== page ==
The facial and leg swelling results from the kidneys' inability to dilute the urine with water from the blood and so there is an accumulation of excess salt and water in the certain regions of the body such as the feet and face. This is also responsible for the elevated blood pressure in these patients. The dark color of the urine is due to the presence of the blood in it, and the frothiness of the urine is as a result of leakage of small proteins through the damaged glomerular filter into the urine. 

There are other non-specific symptoms of this disease which include fever, weakness, dizziness, and abdominal aches.

Diagnosis

A diagnosis of AGN is made by way of investigations which include blood tests and urinalysis: which involves examining a sample of the patient's urine and analyzing it's contents. Results of urinalysis in AGN usually show presence of white and red blood cells which indicate infective damage or inflammation of the kidney tubules and damage to the glomeruli, respectively.

The main diagnostic tool for confirming the diagnosis of AGN is kidney biopsy. This procedure involves using a big needle to take a sample of the kidney through the patient's trunk, then analyzing the sample under a microscope.

Treatment

Prompt diagnosis and treatment of AGN is necessary to avoid the major complication which is called end-stage renal disease which indicates that the kidney is too damaged to function at all.

Treatment of AGN involves treating the predisposing condition and correcting the symptoms. A class of drugs called diuretics are prescribed to remove excess fluids from the sites where they accumulate. Drugs which lower blood pressure are also necessary. If an infection is determined as the trigger of AGN, antibiotics are administered and for autoimmune-related cases, drugs called corticosteroids such as prednisolone are administered.

In cases of end-stage renal disease, kidney transplant is considered.

References

Article

  1. Tejani A, Ingulli E. Poststreptococcal glomerulonephritis: current clinical and pathological concepts. Nephron. 1990; 55:1-5.
  2. Emancipator SN. IgA nephropathy: morphological expression and pathogenesis. Am J Kidney Dis. 1994; 23:451-462.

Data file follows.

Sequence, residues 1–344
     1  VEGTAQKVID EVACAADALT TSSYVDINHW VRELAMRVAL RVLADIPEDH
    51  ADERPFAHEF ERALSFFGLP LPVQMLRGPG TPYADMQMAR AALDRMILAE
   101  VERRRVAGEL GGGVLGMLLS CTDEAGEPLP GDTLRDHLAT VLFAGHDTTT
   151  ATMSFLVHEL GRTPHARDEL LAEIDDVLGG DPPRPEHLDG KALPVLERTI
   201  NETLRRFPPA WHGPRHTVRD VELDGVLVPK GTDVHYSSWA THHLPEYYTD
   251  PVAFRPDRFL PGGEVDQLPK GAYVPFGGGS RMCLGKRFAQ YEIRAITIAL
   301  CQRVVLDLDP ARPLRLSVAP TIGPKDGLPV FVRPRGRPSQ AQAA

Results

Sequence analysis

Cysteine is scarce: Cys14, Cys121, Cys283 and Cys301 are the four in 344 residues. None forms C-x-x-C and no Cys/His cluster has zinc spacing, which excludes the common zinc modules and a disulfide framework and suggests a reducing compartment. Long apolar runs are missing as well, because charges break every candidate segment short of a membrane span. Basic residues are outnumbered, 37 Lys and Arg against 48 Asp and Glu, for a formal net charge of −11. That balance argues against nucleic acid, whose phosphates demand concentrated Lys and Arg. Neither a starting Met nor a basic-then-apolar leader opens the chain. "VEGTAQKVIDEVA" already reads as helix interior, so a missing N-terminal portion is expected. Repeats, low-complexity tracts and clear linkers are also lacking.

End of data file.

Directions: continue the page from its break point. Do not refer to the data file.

3. Kalluri R, Wilson CV, Weber M, et al. Identification of the α-3 chain of type IV collagen as the common autoantigen in anti-glomerular basement membrane disease and Goodpasture’s syndrome. J Am Soc Nephrol. 1995; 6:1178-1184.
  4. Anochie I, Eke F, Okpere A. Childhood acute glomerulonephritis in Port Harcourt, Rivers State, Nigeria. Niger J Med. 2009; 18(2):162-167.
  5. Wong W, Morris MC, Zwi J. Outcome of severe acute post-streptococcal glomerulonephritis in New Zealand children. Pediatr Nephrol. 2009; 24(5):1021-1026.
  6. Wen YK, Chen ML. The significance of atypical morphology in the changes of spectrum of postinfectious glomerulonephritis. Clin Nephrol. 2010; 73(3):173-179. 
  7. Oda T, Yoshizawa N, Yamakami K, et al. The role of nephritis-associated plasmin receptor (NAPlr) in glomerulonephritis associated with streptococcal infection. J Biomed Biotechnol. 2012; 2012:417675.
  8. Nasr SH, Markowitz GS, Stokes MB, et al. Acute postinfectious glomerulonephritis in the modern era: experience with 86 adults and review of the literature. Medicine (Baltimore). 2008; 87(1):21-32.
  9. Donadio JV Jr, Offord KP. Reassessment of treatment results in membranoproliferative glomerulonephritis, with emphasis on life-table analysis. Am J Kidney Dis. 1989; 14:445-451.
  10. Andrassy K, Erb A, Koderisch J, et al. Wegener's granulomatosis with renal involvement: patient survival and correlations between initial renal function, renal histology, therapy and renal outcome. Clin Nephrol. 1991; 35:139-147.
  11. Sad RA, Said SM. Hypertension in Jordanian children: a retrospective analysis of 70 cases Pediatr. Nephrol. 1990; 4:520-522.
  12. Nebuloni M, Barbiano di Belgiojoso G, Genderini A, et al. Glomerular lesions in HIV-positive patients: a 20-year biopsy experience from Northern Italy. Clin Nephrol. 2009; 72(1):38-45.
  13. Tapaneyaand O. AGN in children: a prospective study. J Med Assoc Thai. 1989; 72(suppl):35-38.
  14. Wong W, Morris MC, Zwi J. Outcome of severe acute post-streptococcal glomerulonephritis in New Zealand children. Pediatr Nephrol. 2009; 24(5):1021-1026.

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Last updated: 2019-07-11 20:35